Biodiversity in Wales – talk by Diana Reynolds

Last night the Stapledon society – IBERs guest lecture series on rural issues in Wales – hosted Diana Reynolds from the Welsh Assembly, who coordinates Welsh efforts to reverse biodiversity loss across Wales.  The talk was particularly interesting  because the speaker detailed the Welsh Assembly’s aim to reverse biodiversity loss and the policy process for achieving this, which as well as being based on ecosystem science sought to deliberate within and between the local environment and local communities. The end product of the process will be an Environment Bill that aims to change environmental decision-making across Wales.

The speaker had an interesting style, asking us to enter a thought experiment by selecting a place that we valued. Throughout the talk she asked us to return to this place and spend a minute thinking about different aspects of its ecosystem; how it connected to the wider landscape; the people that inhabited it; its usage by our ancestors, and; how it may be preserved for the unborn. She also had to field some difficult questions, particularly about wind farms and the lack of deliberation in this policy decision. She conceded to this point whilst reminding her audience about the difficulties in pleasing all and reducing the effects of climate change, which puts further pressure on the Assembly’s aim to reverse biodiversity loss. All in all it was a very interesting event and if you would like to find out more about this initiative, see Wale’s biodiversity partnership homepage.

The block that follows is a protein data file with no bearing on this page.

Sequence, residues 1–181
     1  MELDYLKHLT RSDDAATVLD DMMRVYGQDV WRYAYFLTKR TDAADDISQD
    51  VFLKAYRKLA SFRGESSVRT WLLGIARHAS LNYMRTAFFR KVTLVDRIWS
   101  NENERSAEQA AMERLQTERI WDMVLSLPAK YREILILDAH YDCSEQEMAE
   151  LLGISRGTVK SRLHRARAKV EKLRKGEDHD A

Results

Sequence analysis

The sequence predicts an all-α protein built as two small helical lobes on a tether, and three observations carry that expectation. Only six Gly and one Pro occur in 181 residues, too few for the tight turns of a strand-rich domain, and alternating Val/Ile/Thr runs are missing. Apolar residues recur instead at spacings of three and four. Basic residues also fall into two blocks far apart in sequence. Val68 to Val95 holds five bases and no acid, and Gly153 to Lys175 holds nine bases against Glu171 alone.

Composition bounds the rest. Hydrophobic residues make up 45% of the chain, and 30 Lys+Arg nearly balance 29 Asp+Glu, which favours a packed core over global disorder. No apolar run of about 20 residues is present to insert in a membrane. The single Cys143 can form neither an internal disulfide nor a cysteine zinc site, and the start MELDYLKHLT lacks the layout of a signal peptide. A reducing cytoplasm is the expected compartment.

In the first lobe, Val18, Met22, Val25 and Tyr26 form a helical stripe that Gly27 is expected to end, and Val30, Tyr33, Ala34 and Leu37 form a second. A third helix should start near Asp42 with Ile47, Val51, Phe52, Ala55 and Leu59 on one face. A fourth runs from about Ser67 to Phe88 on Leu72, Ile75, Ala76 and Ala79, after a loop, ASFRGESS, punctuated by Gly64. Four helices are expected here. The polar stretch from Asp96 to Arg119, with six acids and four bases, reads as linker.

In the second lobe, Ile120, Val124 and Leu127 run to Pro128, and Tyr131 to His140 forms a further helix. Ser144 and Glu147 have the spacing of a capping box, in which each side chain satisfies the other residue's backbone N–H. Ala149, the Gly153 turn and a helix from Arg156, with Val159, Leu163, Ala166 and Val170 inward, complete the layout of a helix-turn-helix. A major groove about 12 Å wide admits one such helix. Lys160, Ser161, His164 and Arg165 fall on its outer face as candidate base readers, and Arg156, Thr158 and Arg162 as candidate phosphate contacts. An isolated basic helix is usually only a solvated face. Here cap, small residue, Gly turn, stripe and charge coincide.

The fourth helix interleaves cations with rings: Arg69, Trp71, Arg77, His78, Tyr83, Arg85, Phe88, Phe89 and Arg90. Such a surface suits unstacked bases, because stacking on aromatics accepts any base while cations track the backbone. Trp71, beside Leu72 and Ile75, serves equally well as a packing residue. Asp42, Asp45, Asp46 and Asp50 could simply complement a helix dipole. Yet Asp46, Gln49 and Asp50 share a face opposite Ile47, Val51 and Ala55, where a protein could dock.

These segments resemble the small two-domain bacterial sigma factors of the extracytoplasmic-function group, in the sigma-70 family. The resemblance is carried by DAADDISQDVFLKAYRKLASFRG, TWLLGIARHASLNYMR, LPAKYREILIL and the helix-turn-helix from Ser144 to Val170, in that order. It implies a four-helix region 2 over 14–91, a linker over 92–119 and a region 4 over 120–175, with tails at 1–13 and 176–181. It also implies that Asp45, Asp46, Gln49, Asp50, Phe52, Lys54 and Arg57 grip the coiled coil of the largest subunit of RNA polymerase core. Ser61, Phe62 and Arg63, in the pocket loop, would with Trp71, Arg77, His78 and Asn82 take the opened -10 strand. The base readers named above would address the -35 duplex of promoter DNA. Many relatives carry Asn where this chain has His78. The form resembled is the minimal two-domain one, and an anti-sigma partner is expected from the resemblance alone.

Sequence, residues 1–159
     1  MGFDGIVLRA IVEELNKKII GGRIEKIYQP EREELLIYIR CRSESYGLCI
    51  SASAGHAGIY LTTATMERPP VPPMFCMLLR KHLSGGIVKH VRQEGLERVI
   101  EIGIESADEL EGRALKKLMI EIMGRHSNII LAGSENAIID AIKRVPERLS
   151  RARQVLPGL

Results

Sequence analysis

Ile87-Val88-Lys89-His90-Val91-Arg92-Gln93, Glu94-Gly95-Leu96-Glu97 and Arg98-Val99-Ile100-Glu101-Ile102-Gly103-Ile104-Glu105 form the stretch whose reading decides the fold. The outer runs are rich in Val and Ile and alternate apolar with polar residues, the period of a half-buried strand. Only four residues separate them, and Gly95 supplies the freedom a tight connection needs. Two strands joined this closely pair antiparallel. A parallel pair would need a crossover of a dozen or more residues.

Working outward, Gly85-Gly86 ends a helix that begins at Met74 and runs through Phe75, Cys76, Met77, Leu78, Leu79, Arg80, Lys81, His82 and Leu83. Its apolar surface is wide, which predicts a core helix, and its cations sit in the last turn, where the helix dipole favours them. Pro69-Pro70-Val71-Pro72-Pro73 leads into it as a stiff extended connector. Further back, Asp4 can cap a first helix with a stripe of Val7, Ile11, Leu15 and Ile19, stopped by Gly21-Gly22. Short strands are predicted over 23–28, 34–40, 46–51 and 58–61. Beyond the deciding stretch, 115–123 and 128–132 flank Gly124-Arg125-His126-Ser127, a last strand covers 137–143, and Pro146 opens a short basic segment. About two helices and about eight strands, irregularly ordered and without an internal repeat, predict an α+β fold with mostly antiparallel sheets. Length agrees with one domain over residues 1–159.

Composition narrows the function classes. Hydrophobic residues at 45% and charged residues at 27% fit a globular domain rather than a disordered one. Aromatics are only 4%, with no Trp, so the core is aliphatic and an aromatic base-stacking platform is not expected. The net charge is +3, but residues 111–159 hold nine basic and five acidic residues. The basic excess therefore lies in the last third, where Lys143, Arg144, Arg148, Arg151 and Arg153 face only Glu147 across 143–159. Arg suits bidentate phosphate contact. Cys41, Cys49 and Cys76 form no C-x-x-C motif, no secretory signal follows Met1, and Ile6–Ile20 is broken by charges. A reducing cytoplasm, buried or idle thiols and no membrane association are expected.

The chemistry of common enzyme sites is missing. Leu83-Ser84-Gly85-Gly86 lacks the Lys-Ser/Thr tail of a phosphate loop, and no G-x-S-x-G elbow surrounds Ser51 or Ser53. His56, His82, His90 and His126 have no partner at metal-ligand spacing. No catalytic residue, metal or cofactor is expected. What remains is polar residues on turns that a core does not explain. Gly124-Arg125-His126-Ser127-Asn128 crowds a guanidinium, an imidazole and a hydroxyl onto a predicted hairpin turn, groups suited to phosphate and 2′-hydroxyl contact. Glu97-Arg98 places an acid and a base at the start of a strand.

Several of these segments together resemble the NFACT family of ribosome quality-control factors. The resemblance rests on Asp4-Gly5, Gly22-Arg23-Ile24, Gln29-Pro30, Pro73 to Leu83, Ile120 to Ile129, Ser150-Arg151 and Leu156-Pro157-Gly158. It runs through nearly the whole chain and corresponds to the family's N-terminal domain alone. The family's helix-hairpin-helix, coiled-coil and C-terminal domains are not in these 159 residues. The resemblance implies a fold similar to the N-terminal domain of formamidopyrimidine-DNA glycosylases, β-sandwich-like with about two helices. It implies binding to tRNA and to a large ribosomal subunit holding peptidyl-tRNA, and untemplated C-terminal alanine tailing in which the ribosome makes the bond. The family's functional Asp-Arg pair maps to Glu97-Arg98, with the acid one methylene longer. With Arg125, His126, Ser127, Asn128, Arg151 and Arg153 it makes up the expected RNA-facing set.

About Hannah Hughes

I am a lecturer in the School of Law and Politics. My research interests stem from my concern with environmental degradation and include: Climate change; knowledge and power; global environmental politics; environmental security
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